US clean fuel company Universal Hydrogen has signed letters of intent with three airlines to convert at least 15 regional airliners to run on green hydrogen. The company is developing conversion kits that accept interchangeable hydrogen modules that the company’s press release suggests works like coffee pods.
Founded by former Airbus technology chief Paul Eremenko, Universal Hydrogen aims to speed up the introduction of hydrogen for smaller regional airplanes to 2025 by using fuel cells fed by modular hydrogen capsules to replace their turboprop systems.
Universal Hydrogen has been working on a conversion kit for the De Havilland Canada DHC-8, commonly known as the Dash 8, replacing the standard plane’s Pratt & Whitney turboprops and jet fuel tanks with a pair of two-megawatt Magnix electric motors, a hefty fuel cell and the modular hydrogen fuel system incorporating 2m pop in and out fuel capsules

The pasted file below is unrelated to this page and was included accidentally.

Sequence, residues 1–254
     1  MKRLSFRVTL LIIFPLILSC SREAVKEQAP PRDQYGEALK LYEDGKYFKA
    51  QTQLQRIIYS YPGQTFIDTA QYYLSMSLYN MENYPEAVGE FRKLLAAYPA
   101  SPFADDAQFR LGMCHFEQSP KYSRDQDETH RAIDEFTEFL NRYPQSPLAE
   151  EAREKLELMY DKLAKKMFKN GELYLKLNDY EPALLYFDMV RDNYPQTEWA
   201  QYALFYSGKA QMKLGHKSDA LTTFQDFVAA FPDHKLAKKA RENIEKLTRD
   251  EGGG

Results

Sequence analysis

The hydrogen conversion takes up some space – the Dash 8’s cabin capacity reduces from 56 seats to 40 – but the planes will offer a claimed emissions-free range of 740 km. That, according to a report by Reuters, covers about 75 percent of current routes flown by Dash 8s and could be extended to 95 percent when anticipated developments in liquid hydrogen mature.
The company has signed letters of intent with Spain’s Air Nostrum for 11 aircraft, Ravn Alaska for five, and Icelandair Group for an unspecified “fleet” of planes.